An all too common issue in small to medium enterprises (SME) is a lack of proper understanding of health and safety compliance. Whether in the start-up phase or growth phase, many SME don’t have the background, knowledge or experience to establish and regularly maintain their safety management system to ensure compliance. One proactive way SMEs can ensure their current safety practices are compliant is by conducting a safety audit.
A safety audit can generally be defined as:
‘a systematic and independent examination to determine whether safety activities and related outcomes comply with planned arrangements and where these arrangements are implemented effectively and are suitable to achieve objectives’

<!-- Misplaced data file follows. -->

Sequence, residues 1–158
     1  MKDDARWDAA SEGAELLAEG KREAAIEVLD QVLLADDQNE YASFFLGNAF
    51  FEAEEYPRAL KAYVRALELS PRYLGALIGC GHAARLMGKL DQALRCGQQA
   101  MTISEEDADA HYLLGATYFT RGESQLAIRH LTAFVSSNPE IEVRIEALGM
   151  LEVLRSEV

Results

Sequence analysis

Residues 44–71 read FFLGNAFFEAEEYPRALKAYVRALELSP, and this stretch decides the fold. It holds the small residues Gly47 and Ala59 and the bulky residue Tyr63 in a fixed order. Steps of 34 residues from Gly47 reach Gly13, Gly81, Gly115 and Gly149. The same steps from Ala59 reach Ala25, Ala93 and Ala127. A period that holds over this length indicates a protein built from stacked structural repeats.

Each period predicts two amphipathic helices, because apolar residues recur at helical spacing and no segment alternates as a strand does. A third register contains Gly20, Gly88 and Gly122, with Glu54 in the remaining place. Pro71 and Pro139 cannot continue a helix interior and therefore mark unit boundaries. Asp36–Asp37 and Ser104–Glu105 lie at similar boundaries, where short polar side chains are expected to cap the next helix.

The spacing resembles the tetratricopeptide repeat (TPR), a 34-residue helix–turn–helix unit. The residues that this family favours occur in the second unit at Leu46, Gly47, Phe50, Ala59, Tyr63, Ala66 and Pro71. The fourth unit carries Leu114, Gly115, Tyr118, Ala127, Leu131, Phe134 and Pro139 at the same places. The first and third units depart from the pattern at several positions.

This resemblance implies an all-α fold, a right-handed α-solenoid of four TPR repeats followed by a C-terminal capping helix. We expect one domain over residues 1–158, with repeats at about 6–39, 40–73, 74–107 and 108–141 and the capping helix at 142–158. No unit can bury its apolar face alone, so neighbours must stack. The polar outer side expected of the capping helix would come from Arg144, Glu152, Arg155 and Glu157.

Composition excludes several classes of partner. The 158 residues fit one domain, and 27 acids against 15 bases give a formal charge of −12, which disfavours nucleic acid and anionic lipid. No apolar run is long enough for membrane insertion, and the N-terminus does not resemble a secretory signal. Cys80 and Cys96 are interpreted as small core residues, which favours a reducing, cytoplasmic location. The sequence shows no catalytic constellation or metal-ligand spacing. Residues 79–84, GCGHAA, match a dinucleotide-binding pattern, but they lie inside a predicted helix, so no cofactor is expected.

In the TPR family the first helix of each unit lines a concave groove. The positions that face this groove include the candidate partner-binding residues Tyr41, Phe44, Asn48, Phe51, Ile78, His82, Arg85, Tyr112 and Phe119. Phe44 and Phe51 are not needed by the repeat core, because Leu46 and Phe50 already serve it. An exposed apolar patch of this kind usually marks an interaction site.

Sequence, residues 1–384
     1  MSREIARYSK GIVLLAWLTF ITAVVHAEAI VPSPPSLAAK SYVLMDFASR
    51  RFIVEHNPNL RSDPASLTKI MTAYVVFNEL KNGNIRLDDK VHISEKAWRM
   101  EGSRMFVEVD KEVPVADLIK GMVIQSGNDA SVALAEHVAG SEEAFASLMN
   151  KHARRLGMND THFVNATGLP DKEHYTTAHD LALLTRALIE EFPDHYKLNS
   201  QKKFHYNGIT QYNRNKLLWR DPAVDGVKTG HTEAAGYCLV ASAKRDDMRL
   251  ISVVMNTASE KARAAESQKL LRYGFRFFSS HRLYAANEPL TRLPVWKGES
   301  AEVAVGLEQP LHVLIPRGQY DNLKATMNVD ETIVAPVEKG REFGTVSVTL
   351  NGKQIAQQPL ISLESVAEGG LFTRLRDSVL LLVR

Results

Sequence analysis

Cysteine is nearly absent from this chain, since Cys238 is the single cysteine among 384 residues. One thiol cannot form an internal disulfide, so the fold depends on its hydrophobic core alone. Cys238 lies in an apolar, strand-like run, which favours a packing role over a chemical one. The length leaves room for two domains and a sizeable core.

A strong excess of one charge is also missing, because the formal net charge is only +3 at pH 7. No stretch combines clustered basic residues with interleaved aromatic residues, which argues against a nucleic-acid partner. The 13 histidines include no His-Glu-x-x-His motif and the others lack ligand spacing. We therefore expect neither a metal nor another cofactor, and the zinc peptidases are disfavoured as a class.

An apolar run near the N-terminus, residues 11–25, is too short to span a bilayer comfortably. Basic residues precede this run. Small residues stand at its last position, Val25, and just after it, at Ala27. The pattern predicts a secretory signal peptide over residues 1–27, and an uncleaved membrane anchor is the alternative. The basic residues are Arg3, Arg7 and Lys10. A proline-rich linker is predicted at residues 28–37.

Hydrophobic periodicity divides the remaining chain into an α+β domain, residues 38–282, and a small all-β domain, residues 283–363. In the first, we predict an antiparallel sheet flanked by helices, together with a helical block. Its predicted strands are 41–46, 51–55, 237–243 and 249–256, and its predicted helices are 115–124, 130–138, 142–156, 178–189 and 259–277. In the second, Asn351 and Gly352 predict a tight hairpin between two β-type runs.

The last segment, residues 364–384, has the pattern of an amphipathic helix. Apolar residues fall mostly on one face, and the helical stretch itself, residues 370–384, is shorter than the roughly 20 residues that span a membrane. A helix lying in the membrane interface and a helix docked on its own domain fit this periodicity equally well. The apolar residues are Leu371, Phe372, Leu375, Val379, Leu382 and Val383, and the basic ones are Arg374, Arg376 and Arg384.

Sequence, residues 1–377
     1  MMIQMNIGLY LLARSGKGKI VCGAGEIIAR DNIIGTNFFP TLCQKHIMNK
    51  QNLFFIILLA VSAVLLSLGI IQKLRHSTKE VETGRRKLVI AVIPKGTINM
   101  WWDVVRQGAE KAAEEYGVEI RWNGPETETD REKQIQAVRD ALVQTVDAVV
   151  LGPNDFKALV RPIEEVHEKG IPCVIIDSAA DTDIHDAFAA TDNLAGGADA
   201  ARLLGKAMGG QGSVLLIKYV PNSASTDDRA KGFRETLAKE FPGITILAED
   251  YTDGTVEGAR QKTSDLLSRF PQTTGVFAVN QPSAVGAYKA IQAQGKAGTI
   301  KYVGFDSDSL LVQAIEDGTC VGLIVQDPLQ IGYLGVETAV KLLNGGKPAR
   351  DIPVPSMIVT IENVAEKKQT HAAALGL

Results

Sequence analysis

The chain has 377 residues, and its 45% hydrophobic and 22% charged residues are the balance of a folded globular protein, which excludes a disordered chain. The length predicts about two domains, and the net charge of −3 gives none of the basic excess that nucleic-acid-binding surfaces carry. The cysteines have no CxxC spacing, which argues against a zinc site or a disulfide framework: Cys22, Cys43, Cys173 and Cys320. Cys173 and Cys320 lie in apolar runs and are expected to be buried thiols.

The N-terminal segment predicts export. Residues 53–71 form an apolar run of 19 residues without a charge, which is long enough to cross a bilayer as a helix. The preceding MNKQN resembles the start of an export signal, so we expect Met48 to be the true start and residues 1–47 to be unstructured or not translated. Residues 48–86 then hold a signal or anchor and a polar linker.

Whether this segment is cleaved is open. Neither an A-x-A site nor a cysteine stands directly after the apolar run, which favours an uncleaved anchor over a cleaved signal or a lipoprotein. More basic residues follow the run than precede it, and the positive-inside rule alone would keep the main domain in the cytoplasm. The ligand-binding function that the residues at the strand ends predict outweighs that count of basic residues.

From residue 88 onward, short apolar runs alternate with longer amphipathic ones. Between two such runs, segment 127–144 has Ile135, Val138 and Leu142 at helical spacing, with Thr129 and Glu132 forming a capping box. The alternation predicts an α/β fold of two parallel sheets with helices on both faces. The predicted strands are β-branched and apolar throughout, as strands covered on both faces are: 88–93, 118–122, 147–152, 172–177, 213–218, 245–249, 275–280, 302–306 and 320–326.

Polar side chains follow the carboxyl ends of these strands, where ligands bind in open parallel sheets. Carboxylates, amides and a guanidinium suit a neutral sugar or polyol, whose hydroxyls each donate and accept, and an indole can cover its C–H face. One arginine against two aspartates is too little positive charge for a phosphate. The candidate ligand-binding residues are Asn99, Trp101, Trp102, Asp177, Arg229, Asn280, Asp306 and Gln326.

The fundamental purpose of an audit is to identify gaps in an organisations safety management system and close the gaps that could lead to subsequent failures. A comprehensive audit should identify and eliminate the failed systems or processes that could cause an accident or injury. The audit would do this by ensuring that appropriate management arrangements, adequate risk control systems and appropriate precautionary measures and processes are in existence, implemented and consistent with the risk to which workers are exposed.
Safety audits differ from inspections in that inspections do not usually assess the human factor. An inspection may identify that a first aid kit is in place and is fully stocked however, an audit will ask questions about who knows where the first aid kit is located, who has been trained in first aid, is the level of training suitable to the workplace, is the first aid kit suitable for the risks to be found in the workplace.